Sect's dark side

FBI and IRS hear accusations of abuse and fraud at Madonna's beloved Kabbalah Centre

The Daily/April 2, 2012

The Kabbalah Centre calls them the chevre, which means "friends" in Hebrew. They surrender everything — depending on the center for their food, clothing and shelter — to draw closer to "the Light," the essence of God.

These most loyal disciples do everything, from preparing the weekly Shabbat feasts — including special "higher-quality" meals for Madonna, the center's most celebrated follower — to teaching newcomers that the desire to receive must be transformed into the desire to give.

But there's a dark side to their devotion. More than a dozen former chevre, staff and students told The Daily that the center exploits the chevre (pronounced hev-rah), depending on them to raise millions, then making them pawns in government scams to keep overhead low.

The sources accused the center and the chevre of engaging in immigration and Medicaid fraud, and its founding family, the Bergs, of using the chevre as personal servants, and claimed they have discussed the abuse with FBI and IRS special agents. For more than a year, the agencies have been reportedly investigating the Kabbalah Centre and the Bergs for income tax evasion and misuse of funds.

Many of The Daily's sources asked not to be named for fear of retaliation by the center, which declined repeated requests for an interview.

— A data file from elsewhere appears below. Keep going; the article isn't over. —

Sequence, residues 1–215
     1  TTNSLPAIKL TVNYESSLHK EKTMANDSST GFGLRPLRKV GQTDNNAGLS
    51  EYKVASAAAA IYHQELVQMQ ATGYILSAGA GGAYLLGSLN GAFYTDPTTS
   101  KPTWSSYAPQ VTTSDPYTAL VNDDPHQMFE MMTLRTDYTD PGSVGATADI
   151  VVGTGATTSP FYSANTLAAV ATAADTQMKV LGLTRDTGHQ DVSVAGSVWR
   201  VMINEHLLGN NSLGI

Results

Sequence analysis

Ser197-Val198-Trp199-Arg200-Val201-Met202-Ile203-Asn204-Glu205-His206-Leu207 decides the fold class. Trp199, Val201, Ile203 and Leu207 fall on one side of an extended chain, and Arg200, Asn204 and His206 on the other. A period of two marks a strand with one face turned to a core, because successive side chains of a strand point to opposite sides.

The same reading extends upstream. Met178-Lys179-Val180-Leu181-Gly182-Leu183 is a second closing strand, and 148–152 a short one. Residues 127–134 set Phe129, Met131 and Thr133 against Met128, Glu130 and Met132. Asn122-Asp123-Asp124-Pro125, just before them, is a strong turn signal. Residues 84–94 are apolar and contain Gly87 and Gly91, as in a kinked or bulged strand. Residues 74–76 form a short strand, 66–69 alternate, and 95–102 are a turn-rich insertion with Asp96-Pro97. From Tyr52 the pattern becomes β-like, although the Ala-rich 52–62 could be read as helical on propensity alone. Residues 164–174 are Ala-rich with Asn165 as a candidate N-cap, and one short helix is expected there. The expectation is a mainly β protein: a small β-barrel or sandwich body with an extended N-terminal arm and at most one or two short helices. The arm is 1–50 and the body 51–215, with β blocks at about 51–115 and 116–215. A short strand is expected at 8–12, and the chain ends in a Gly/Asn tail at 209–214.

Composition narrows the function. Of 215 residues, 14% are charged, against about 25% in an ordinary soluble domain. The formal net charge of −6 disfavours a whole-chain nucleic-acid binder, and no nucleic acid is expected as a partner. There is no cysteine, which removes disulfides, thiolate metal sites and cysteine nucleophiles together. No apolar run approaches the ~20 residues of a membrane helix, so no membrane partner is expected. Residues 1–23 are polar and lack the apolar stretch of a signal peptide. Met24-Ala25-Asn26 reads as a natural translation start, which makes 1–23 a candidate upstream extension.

"Breaking the law became habit in every possible direction," said Shaul Youdkevitch, who served with his wife, Osnat, as chevre for 28 years before leaving in 2008 after raising concerns about what they claim was widespread corruption. "Everything was for the purpose of making money and power."

The FBI and IRS do not comment on ongoing investigations, so it is unclear how intently they are following these leads. Many sources told The Daily they have not talked to the special agents in months.

One person interviewed by the special agents said the FBI and the IRS had the names of at least 75 people with close ties to the center, roughly half of them chevre.

"They were interested in whether [the Bergs] were using the chevre to support their personal lifestyle," said the source.

To the sources, the Bergs' mistreatment of the chevre seems even more egregious because of the family's lavish lifestyle on the center's dime.

Former insurance salesman Philip Berg, 82, and his wife, Karen, 69, established the Kabbalah Centre out of their modest living room in Queens, N.Y., in the mid-1980s. Karen had the idea of bringing this esoteric school of Jewish mysticism to the mainstream, and Philip was an orthodox rabbi who had the ability to convey complex teachings in simple terms.

Their effort was enormously successful. The center has attracted a bevy of wealthy and famous — such as Madonna, Demi Moore and Mick Jagger — who in turn gave millions. Kabbalah moved its headquarters from New York to Los Angeles; established dozens of additional centers, study groups and subsidiaries worldwide; and developed an endless array of pricey books, CDs and products purported to have spiritual powers, from $26 red strings to $10 bottles of water.